Max Verstappen was fastest in FP2 of F1 Bahrain GP from the Ferrari pair of Charles Leclerc and Carlos Sainz, with Mercedes finishing outside of Top 3.
It was a much cleaner and smoother FP2 in F1 Bahrain GP with no glaring incidents apart from lock-ups in Turn 1. There was an incident under investigation by the FIA stewards when AlphaTauri’s Yuki Tsunoda held up Ferrari’s Leclerc in the right-hander.
Looking at the standings, much like FP1, the Ferrari pair found themselves in a good position, even though they didn’t set the fastest time. In fact, Leclerc (1m32.023s) finished only 0.087s behind pace-setter Verstappen (1m31.936s) in his Red Bull car.
Leclerc’s teammate Sainz (1m32.520s) was third with Mercedes’ George Russell (1m32.529s) in fourth from Alpine’s Fernando Alonso (1m32.877s) and Alfa Romeo’s Valtteri Bottas (1m32.951s) in the Top 6.
The Finn had a much better session in FP2 after engine misfire in FP1. He did a solid job to put the Alfa Romeo car in sixth ahead of Red Bull’s Sergio Perez (1m32.958s), with Haas’ Mick Schumacher (1m33.085s) in eighth.
It meant Mercedes’ Lewis Hamilton (1m33.144s) was only ninth after team changed his set-up before FP2. His porpoising issues continued on throughout the session, as Haas’ Kevin Magnussen (1m33.183s) rounded out the Top 10.
McLaren’s Lando Norris (1m33.280s) was 11th from Alpine’s Esteban Ocon (1m33.360s) who couldn’t run the new sidepod after his one flew off the car in FP1. He led AlphaTauri pair of Pierre Gasly (1m33.621s) and Tsunoda (1m33.789s), with the latter involved in another incident.
This time he made contact with Aston Martin’s Lance Stroll (1m33.958s) at the right-hander when the Japanese tried a move on the inside. The Canadian was 17th from Nico Hulkenberg (1m34.061s), with Alfa Romeo’s Guanyu Zhou (1m33.953s) in 16th.
McLaren’s Daniel Ricciardo (1m34.166s) was 18th after he missed much of the session due to work on his car, as Williams pair of Nicholas Latifi (1m34.486s) and Alexander Albon (1m34.735s) rounded the 20 runners.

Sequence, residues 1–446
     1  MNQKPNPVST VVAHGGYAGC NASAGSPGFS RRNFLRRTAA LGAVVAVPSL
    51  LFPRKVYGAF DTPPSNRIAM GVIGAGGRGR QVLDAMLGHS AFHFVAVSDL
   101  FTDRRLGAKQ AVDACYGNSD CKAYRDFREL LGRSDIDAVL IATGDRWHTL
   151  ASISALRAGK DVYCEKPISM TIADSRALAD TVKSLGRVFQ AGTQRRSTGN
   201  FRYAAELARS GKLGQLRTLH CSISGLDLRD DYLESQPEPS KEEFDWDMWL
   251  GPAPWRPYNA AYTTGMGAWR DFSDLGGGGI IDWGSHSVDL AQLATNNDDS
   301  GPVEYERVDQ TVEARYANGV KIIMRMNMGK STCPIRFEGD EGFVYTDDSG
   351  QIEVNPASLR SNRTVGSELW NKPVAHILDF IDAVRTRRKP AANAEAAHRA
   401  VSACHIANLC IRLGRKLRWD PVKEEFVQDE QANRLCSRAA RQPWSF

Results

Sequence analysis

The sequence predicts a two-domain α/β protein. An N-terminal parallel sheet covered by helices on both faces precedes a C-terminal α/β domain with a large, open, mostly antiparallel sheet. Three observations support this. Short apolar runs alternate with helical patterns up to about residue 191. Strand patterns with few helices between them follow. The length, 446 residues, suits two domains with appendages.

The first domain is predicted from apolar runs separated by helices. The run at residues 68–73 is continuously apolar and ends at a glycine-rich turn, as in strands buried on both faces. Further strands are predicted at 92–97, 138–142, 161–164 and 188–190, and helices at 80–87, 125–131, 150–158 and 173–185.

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UPDATE: Regarding the impeding investigations, both Tsunoda and Stroll were handed a reprimand each for their driving. Both involved the Japanese racer with the AlphaTauri driver getting it for his run-in with Leclerc and the Canadian getting it for the second run-in.
“Car 22 (TSU) impeded car 16 (LEC) who was on fast lap with new tyres at turn 8, causing car 16 to abandon his lap,” stated the FIA stewards report. “Driver 22 says he was pushing on an out lap for a long, high fuel run. However, the Stewards consider that a driver on an out lap must always be aware of faster cars approaching and although this did not create a dangerous situation they determine that this is a breach of the above regulation and they impose a Reprimand in this case.”
Regarding the second incident, the report stated: “After both cars had taken the chequered flag at the end of the session, car 18 (STR) turned into turn 8 whilst car 22 (TSU) was approaching quickly to the inside, unnecessarily impeding car 22 and causing minor contact.
“Driver 18 says he was travelling slowly in preparation for a practice start and was looking in his mirrors but the closing speed from cars behind travelling much more quickly meant he did not see car 22 when approaching turn 8. The Stewards acknowledge this, and note that the Team did not give the driver any radio warning of approaching cars, but consider that the driver has responsibility for maintaining awareness of cars around them and that this applies equally on the lap after the chequered flag. The Stewards therefore determine that this is a breach of the above regulation and impose a Reprimand in this case.”
Here’s how FP1 of F1 Bahrain GP panned out